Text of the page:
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I have a computational problem that I want to solve. I'm not sure if it has already been studied in literature, or if so under what name. I'd appreciate any pointers to literature or suggestions for an algorithm.

Input: A connected, undirected graph G = (V, E) in which certain edges are labelled "bad".

Output: The minimum cardinality partition of V such that 1) all of the induced subgraphs of the partition are connected, and 2) none of the induced subgraphs contains a bad edge.

Thanks!

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  • $\begingroup$ What do you mean by minimum cardinality partition? $\endgroup$ – droptop Aug 20 '20 at 18:47
  • $\begingroup$ What I mean is a partition of the vertices into non-overlapping sets that meet conditions 1) and 2) with the smallest possible number of sets $\endgroup$ – Jordan Aug 20 '20 at 19:49
  • $\begingroup$ I don't still get it. If all the bad edges are removed, then isn't the number of connected components in the resulting forest the number of partitions?? $\endgroup$ – droptop Aug 21 '20 at 14:20
  • $\begingroup$ The number of connected components will be equal to the size of the partition, yes. However, I don't see where you would get a forest in this process. Also, you can't just remove the bad edges freely. The only way to get rid of bad edge is to ensure that it bridges two sets in the partition, in which case it isn't included in any induced subgraph. $\endgroup$ – Jordan Aug 21 '20 at 16:49
  • $\begingroup$ @droptop Consider the graph $G=(V,E)$ given by $V=\{a,b,c\}$, $E=\{\{a,b\},\{a,c\},\{b,c\}\}$ and $\{b,c\}$ the only bad edge. If we remove $\{b,c\}$ the graph remains connected. But is we take $\{a,b,c\}$ as the only element of the partition, the induced graph on $G$ by these vertices contains the edge $\{b,c\}$. We need to break further this connected (with non-bad edges) component to satisfy condition (2). For example as $\{a,b\}$ and $\{c\}$. $\endgroup$ – plop Aug 22 '20 at 15:07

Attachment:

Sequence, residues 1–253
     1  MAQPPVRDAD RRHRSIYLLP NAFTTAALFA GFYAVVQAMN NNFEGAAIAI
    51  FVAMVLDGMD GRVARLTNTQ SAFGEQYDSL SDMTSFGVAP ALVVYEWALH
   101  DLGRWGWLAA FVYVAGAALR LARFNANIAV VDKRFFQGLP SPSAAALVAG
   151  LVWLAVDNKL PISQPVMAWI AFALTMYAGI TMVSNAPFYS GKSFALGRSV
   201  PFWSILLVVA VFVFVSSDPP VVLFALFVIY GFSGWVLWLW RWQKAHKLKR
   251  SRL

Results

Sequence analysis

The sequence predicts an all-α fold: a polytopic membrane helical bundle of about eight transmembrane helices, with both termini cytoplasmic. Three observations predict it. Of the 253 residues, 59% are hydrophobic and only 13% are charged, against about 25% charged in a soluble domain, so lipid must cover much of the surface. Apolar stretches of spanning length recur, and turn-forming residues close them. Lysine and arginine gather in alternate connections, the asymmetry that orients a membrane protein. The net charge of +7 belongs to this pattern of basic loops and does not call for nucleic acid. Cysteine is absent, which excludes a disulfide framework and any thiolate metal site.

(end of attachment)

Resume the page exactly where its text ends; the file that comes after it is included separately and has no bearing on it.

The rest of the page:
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Try to look at what happens when all the edges are bad edges.

What would the question be if I asked:

Can you partition the graph into three partitions, e.g. red, green, blue, such that for every edge, the "color" of the endpoints of each edge is "chromatic".

(Let's also make the graph into a complete graph by adding "good" edges between every non-adjacent vertices.)

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  • $\begingroup$ I see. So that's a reduction from vertex coloring, which means this must be NP-hard. $\endgroup$ – Jordan Aug 20 '20 at 23:51

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